It’s also not clear just how much deficits — by themselves — help or hurt the economy in the short-run. Sometimes deficit spending is a good thing if it's needed to reverse a stubborn recession. At other times, deficits suck up so much cash that it makes borrowing more costly for private enterprise — hurting growth.

But other forces — well outside the president's control — can have a much bigger impact. Low inflation and low interest rates (set by the Fed) may have had much more to do with the “Clinton boom” than balanced budgets. And it’s hard to see how the Clinton administration could take much credit for the Internet boom (though Al Gore gave it a try.)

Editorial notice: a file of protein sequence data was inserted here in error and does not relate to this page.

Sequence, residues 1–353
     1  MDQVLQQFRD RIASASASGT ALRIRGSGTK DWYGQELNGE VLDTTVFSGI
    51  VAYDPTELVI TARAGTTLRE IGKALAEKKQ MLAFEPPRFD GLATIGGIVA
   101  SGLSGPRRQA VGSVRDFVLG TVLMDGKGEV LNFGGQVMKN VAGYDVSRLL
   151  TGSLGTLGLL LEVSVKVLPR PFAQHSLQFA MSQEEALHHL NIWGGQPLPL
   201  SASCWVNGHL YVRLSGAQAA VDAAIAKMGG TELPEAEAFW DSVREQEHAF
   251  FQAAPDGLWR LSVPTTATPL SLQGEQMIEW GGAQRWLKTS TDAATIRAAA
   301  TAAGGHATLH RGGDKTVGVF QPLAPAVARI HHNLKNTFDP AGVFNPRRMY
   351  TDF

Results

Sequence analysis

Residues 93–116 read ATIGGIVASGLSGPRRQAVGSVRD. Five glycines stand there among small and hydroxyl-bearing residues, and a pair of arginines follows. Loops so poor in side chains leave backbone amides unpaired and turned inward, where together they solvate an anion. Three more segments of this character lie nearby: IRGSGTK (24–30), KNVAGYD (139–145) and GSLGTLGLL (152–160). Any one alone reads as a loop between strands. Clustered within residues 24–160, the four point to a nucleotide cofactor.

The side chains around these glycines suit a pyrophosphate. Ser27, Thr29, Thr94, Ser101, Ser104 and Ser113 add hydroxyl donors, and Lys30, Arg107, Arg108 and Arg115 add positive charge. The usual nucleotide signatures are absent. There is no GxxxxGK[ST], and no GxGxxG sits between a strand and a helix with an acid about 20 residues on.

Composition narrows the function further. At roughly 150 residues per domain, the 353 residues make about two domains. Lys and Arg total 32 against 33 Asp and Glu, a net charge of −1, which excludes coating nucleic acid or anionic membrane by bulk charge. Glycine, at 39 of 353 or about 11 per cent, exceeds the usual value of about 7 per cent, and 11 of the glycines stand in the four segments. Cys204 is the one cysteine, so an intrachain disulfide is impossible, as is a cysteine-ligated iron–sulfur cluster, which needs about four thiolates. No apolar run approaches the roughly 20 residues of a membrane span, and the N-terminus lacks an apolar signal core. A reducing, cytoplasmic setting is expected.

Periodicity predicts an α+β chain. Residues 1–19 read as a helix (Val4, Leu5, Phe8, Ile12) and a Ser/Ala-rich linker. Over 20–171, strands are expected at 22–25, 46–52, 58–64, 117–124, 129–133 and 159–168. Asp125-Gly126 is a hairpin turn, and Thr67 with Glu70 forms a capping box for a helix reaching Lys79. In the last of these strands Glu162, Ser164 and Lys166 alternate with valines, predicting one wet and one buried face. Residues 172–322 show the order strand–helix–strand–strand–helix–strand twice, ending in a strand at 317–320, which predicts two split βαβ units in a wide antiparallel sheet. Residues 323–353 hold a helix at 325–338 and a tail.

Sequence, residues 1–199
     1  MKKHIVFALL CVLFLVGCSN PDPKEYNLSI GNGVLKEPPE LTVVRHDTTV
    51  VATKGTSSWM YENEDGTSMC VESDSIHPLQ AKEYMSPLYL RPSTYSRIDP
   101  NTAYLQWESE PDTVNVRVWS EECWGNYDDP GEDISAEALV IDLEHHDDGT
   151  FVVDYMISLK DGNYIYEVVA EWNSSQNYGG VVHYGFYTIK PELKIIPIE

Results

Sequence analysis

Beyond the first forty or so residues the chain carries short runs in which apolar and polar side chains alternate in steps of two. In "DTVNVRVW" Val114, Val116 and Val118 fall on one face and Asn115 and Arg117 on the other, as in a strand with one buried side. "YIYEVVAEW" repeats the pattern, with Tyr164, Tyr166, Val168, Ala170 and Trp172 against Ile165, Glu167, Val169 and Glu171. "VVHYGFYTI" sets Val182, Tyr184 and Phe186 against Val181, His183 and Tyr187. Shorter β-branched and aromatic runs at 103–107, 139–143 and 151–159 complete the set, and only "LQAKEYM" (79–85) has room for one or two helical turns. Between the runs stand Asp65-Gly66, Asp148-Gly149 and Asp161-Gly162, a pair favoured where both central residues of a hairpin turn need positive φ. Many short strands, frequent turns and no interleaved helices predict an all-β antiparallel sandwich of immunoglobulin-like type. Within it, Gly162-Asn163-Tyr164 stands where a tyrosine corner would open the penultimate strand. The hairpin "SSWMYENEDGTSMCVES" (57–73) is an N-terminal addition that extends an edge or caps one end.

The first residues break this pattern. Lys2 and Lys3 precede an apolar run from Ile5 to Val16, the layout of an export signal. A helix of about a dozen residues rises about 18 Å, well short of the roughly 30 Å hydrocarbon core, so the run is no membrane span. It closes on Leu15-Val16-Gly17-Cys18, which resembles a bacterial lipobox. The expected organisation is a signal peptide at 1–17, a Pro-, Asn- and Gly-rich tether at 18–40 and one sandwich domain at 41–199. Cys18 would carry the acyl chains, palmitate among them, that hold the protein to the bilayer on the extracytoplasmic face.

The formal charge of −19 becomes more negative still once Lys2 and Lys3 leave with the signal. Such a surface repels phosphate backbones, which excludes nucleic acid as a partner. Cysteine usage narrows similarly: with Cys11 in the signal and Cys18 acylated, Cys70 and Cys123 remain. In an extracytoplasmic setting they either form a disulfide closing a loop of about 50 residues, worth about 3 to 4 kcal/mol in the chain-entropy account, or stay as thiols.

Even if a president proposed a balanced budget and Congress behaved itself and approved it, the U.S. economy is subject to too many forces over which our government has little or no control. The benefit of the Bush tax cut, for example, has been all but wiped out by the sharp increase in energy prices engineered by OPEC. On the plus side, the recent rapid growth in China has helped boost demand for American products there. And the long-term slide in the value of the dollar — which has helped U.S. companies sell their products abroad — is beyond the control of any American official.